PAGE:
I’m going to be straight-forward here.  I did not like using live paint for this exercise.  I’ve played around with it enough now to know how to use it, but I’m still not sold on it…at least not for coloring in Sanborn maps.  I can see where it has it’s uses, but for this…no.  I’m very into the “do it right the first time” philosophy (I know…deep huh?) and I hate having a tool do something for me and then I have to go back and clean up whatever it didn’t do.  I would rather just take the time, even if it takes a little bit longer to do something like this myself and not have to close gaps or fill in a bunch of “B”s or “D”s or “O”s everywhere.  I have a similar problem with many other automated tools I use in ArcMap from time to time at work.  That problem is that they don’t do their job perfectly, and I’m less prone to end up with errors/sloppy work if I do something myself rather than having to look for things that a tool didn’t do that I have to fix.  Don’t give me some tool that “sort of works”.  If it works great, if it doesn’t, I don’t want it.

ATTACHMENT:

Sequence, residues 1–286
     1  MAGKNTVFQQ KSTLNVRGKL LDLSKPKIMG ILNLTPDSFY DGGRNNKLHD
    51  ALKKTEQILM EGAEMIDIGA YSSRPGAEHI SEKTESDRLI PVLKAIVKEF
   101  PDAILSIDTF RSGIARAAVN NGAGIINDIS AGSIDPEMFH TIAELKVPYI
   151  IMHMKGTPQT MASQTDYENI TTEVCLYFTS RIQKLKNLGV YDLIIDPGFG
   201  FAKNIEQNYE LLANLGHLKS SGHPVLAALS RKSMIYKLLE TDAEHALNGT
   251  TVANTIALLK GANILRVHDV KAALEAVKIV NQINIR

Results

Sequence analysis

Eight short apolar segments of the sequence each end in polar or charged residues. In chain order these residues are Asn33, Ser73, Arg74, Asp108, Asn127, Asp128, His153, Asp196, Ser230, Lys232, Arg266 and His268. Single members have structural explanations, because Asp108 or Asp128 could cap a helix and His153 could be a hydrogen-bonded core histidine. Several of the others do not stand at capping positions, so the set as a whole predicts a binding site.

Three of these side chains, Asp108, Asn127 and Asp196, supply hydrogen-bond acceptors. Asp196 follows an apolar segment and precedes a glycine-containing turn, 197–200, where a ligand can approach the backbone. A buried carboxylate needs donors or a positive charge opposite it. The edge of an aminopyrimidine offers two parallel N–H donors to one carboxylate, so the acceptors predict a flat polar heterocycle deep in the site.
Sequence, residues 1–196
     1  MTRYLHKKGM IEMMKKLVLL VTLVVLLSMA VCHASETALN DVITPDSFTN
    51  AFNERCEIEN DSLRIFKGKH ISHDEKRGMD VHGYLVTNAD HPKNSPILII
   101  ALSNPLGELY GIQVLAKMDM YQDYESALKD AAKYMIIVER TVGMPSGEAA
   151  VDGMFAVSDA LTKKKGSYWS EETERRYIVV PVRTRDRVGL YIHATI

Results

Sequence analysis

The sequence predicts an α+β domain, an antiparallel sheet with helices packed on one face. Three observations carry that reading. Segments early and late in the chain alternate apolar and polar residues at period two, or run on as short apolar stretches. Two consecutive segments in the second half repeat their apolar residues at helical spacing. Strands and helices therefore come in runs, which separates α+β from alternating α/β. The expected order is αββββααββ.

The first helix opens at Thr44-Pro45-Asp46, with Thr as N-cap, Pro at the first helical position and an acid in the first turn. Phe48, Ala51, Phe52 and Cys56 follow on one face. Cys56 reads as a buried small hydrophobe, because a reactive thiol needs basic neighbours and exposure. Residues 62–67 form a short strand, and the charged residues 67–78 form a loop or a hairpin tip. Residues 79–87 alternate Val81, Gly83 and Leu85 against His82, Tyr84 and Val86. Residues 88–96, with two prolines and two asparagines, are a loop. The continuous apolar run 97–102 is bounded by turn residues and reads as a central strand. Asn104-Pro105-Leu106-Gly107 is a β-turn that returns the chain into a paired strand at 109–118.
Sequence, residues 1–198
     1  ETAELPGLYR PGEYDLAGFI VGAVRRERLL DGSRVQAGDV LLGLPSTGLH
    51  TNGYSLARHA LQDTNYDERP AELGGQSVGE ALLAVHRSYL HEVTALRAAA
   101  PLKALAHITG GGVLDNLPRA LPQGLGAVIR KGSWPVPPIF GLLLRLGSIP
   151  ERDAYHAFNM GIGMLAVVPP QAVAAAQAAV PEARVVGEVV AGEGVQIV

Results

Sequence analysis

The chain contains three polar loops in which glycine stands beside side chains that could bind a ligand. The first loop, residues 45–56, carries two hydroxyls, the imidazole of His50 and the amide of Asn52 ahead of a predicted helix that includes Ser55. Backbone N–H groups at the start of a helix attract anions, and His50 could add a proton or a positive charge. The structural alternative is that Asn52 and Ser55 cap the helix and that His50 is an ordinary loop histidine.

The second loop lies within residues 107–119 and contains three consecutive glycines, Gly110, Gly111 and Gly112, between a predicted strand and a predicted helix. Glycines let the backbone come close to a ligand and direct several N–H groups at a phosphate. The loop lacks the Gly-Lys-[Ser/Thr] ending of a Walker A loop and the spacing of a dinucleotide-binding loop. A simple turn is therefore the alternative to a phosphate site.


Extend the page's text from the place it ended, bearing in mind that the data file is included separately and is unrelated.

Anyway.  I took another Sanborn map of Alexandria, this one is from 1885 and is a block or two up King St from my map I did the overlay with, and I decided to color it in this time.  Rather than using live paint to fill in the buildings, I took what I thought was a simpler and cleaner route.  I created another layer, layered it underneath my Sanborn outlines, and started drawing different colored polygons in that layer.  For this go round I just put all the different colors in one “polygon” layer.  If this was for a real research project I probably would have made a layer for each different colored polygon.  Can you tell I work with GIS?